As food insecurity rises, food banks grapple with supply chain bottlenecks
A few days before Thanksgiving, the aisles in Feed More’s warehouse are somewhat quiet and empty. The trucks that carry donated food items to nearly 300 food pantries across Central Virginia took off earlier in the morning.
Breaking some of that silence however, are the beeps and whirs coming from a team of forklifts that scurry around the warehouse floors like mini Zambonis. The operators still have work to do; they unload pallets of newly donated items or take others filled with canned corn or fresh cabbage and prep them for upcoming donations.
But the quiet atmosphere also serves as a reminder that the high metal racks that line Feed More’s massive warehouse are normally a lot fuller this time of year. If they were, the beeps and whirs of the forklift army would join a chorus of volunteers hustling to fill orders.
“We've been struggling with getting product delivered to us,” says Feed More’s Chief Operating Officer Rick Gliot. He adds it’s not because of the Thanksgiving holiday, during which many take time off, that the warehouse is quiet. “It's primarily supply issues.”
Feed More distributes product in three different ways, says Gliot.
“We have agencies that order [from us] and we deliver to them. We have agencies that order and they come and pick it up,” he says. “And then we have other folks that just come and shop in the shopping area.”
Some of those agencies, says Gliot, include the Chesterfield Food Bank, the YMCA and various churches.
“We have 280-plus organizations in our territory that get food from us. So there's just about someone in every county and every area that we serve,” Gliot says.
Many items that Feed More distributes to their partners come from donations — either from large box stores or from people dropping off items into their big orange donation bins. However, the nonprofit still has to buy much of their food and get it delivered to its warehouse.
“We're doing very well on produce and frozen products,” Gliot says. “It’s the middle of the grocery store [that’s] a struggle for us. It's all of the soups and canned vegetables and breakfast items, all the things that you would normally see in the center of the grocery store are very difficult to get right now.”
Gliot says the product they're waiting for and need isn’t stuck on a container ship off of Santa Monica. The shortage revolves around something else.
“The supply chain is so tight right now primarily due to labor issues,” he says. “The food is out there, [we] just got to get the people to process it, and get people to deliver it.”
To get around those issues, Gliot says they’ve had to become creative.
“We've had to become very opportunistic of where we buy product,” Gliot says. “We're actually using our own fleet to go get product.”
He says it used to take two to three weeks to get food delivered. Now it falls between eight and 12 weeks, and he adds that “the transportation costs have gone through the roof.”
“We did go to North Carolina to pick up some product,” Gliot says. “It was not that we couldn't get the product. The product was there, but the transportation cost was $3,000 for the load.”
Instead Gliot says it cost them $500 to drive their own trucks to pick up items.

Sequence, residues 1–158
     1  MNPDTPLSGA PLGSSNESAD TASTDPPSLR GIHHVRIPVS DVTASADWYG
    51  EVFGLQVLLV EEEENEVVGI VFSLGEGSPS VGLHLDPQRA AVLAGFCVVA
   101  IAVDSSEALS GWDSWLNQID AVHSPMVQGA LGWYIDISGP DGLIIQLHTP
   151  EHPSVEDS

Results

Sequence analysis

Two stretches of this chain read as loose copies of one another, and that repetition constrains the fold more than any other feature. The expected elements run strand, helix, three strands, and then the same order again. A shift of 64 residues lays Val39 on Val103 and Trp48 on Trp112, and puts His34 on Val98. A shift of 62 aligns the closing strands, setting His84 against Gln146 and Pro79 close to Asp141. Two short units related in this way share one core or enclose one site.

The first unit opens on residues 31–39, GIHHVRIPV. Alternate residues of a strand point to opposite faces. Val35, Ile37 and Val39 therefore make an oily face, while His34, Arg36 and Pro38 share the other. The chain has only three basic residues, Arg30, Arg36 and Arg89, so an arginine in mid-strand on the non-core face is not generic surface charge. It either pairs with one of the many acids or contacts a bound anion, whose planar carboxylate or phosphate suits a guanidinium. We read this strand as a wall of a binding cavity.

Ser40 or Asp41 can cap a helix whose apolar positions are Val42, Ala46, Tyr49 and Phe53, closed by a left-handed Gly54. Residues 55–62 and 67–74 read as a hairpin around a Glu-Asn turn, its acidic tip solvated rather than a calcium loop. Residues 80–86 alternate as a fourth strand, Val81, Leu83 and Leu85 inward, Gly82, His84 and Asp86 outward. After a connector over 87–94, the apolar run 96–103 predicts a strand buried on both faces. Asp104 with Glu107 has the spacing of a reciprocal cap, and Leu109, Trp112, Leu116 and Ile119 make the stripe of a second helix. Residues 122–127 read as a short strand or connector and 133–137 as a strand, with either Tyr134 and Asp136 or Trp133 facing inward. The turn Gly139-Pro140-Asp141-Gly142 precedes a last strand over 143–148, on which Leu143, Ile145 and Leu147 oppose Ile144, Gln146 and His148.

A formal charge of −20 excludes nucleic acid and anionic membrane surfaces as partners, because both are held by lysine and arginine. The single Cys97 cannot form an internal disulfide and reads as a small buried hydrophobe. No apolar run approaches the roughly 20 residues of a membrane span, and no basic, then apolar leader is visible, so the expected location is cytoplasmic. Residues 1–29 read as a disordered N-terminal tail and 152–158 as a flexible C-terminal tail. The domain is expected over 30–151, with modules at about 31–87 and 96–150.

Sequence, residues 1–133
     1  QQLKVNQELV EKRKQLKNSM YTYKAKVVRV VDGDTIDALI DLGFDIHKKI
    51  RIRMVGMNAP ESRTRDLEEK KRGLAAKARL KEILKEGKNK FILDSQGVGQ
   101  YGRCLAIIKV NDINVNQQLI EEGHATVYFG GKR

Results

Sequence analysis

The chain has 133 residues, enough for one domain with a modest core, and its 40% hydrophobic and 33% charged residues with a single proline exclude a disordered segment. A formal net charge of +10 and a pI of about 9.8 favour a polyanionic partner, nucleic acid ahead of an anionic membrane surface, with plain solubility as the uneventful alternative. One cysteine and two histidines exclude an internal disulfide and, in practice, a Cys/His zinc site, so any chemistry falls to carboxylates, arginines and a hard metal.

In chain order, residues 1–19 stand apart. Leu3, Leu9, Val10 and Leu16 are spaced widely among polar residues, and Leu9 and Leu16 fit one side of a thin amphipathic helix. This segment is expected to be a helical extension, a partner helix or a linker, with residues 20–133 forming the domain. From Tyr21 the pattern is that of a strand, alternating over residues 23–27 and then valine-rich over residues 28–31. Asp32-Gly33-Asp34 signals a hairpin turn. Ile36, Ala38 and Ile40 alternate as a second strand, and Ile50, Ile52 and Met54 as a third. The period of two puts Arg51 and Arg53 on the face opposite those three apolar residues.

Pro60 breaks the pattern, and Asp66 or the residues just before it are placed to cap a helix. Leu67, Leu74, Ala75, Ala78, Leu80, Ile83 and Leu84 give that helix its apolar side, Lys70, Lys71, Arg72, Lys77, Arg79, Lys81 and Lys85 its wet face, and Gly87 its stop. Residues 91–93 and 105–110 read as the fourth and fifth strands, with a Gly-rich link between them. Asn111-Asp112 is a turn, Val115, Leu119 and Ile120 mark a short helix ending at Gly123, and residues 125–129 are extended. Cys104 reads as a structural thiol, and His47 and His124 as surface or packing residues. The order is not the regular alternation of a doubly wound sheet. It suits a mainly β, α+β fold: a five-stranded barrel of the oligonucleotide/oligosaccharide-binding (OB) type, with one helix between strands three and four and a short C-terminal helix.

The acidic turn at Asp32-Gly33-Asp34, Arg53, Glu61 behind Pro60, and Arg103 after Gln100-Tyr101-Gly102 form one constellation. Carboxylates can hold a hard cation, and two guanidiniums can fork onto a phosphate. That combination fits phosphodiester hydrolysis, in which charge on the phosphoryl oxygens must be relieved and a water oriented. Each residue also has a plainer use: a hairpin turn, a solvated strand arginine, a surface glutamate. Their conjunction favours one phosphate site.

Money to get these products comes from donations and from Feed More’s parent organization Feeding America, which negotiates discounts for volume purchases.
“We take advantage of their negotiating power. We'll also go out and purchase on the open market,” Gliot says.
Another hurdle Feed More is trying to jump over is competition for food.
“We're actually competing against other food banks,” Gliot says. “We typically don't purchase the brand names, which the Food Lions and Publix would be competing for. We're competing for the off-brands and primarily with our own food banks across the United States.”
Because of the ongoing pandemic and the increasing cost of basic food items, more people are in need of food, says Feed More’s Media Strategist Rodrigo Arriaza.
“We've seen this huge influx of need right now,” Rodrigo says. “In terms of a numbers snapshot, more than 165,000 Central Virginians are unsure where their next meal is going to come from. That's one in nine individuals and one in six kids in Central Virginia that are experiencing food insecurity.”
Rodrigo says there’s been about a 15% growth in the number of people in the area who struggle to access food since 2019. This year, he says Feed More is on track to distribute around 35 million pounds of food to help families put a meal on their tables.
Gliot says there are many ways people can help, but one in particular works the fastest.
“Obviously, cash is king, and we'll always accept monetary donations. With our buying power, we can obviously buy better than you can get there at the grocery store,” he says.
But with the long wait times to get products delivered, he says food donations are always accepted.However, it should be what’s known as dry product, such as canned goods or breakfast items..
Gliot recommends people in the area drop off those items in their donation center which is open Monday through Friday from 8 a.m. until 4 p.m. But if people can’t make that window...
“We've got great big orange bins that say Feed More on the side of it and they could drop the product in the chute and we'll be more than happy to take it into our distribution,” he says.
Gliot says despite the quiet warehouse, they’ll be busy all the way up until January. And he says with the cost of food rising, he expects more people to come to Feed More over the holidays.
“We're expecting a pretty big influx of folks during the holiday season to help them get through,” Gliot says.
Help Feed More fill pantries with non-perishable items, including canned soup and veggies, pasta, sauce, peanut butter and breakfast items. Visit their website for more information.